Cannabis Crop Insurance Protecting Cannabis Farmers

cannabis business, marijuana crop insurance, cannabis insuranceThe cannabis industry is centered around agriculture and the ability to grow and cultivate marijuana plants. Cannabis crop insurance is a way to protect this particular type of agriculture. The results of cannabis agriculture produces various edibles, oils, and flowers people use to consume cannabis for medicinal or recreational purposes. In order for any of the previous mentioned applications to exist, there must be a crop that produces a yield to put into market. If you produce a crop that can potentially turn a profit, you will need insurance, cannabis is no different, thus marijuana growers should have cannabis crop insurance.

As the cannabis market expands and more underwriters and insurers become willing to take on the risk despite the Schedule 1 status of marijuana, opportunities for risk management will grow. Cannabis crop insurance may sound like an unnecessary expense to a cultivator in their early stages, but insurance cannot be overlooked. Imagine investing a portion or all of your life savings into starting a grow operation only to lose it all to a fire. There are many in the industry who have experienced such loss, but there are also others who were able to protect themselves and their investment with a sound risk management strategy.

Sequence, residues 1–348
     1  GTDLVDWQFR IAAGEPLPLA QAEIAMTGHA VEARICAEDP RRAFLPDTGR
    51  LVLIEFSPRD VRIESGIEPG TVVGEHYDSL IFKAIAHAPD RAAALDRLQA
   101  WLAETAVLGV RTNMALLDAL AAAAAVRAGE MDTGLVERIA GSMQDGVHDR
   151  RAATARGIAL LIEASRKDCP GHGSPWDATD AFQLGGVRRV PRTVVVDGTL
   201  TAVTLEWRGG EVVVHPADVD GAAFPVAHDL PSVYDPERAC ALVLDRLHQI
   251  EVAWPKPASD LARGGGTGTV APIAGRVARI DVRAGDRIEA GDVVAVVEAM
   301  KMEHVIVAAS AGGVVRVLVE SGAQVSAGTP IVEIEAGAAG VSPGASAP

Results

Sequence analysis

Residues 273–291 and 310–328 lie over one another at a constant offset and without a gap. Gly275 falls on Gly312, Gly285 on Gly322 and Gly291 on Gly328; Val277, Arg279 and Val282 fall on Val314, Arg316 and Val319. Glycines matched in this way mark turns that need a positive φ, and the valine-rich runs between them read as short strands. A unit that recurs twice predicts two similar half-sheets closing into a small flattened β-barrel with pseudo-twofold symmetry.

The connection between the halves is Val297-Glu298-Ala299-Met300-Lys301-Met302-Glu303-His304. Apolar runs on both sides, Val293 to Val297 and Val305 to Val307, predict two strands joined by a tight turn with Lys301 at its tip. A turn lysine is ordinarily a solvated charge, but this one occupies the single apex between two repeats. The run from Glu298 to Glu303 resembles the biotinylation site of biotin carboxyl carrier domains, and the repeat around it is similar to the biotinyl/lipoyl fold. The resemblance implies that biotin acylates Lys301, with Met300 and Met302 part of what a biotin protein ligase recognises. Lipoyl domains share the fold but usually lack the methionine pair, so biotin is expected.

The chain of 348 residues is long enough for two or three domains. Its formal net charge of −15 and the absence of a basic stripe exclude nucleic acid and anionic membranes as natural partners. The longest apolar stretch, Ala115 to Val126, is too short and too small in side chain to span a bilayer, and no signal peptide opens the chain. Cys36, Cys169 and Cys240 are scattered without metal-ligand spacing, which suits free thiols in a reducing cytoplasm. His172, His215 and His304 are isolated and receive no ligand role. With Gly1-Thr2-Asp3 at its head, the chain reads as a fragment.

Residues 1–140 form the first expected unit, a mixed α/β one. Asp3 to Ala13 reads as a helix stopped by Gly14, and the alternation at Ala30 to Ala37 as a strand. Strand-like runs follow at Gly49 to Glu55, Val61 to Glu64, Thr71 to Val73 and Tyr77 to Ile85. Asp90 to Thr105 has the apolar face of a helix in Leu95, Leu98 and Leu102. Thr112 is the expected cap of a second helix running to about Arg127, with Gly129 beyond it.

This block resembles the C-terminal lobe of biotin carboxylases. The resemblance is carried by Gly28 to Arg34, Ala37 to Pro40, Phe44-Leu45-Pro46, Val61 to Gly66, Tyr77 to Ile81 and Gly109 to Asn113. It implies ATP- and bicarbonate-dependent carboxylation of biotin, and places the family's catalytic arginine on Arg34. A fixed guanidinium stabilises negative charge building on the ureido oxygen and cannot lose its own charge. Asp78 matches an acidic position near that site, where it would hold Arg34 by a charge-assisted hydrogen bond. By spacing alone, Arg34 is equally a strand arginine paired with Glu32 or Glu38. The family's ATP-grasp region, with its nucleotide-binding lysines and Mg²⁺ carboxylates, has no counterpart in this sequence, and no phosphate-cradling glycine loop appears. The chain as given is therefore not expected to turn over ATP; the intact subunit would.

One Carpinteria farmer won an insurance payout well in excess of $1 million after ashes from the Thomas Fire destroyed thousands of his plants. What was unusual was that the plants were marijuana. As cannabis cultivators come out of the shadows, pot businesses are starting to operate like any other businesses — they have lawyers, accountants, bankers, and, more recently, insurance brokers. Most of the Northern California cannabis farms scorched by last fall’s wildfires did not have insurance. They were forced to suffer huge losses. But now insurance brokers in Santa Barbara County are starting to tap into the once-illicit industry.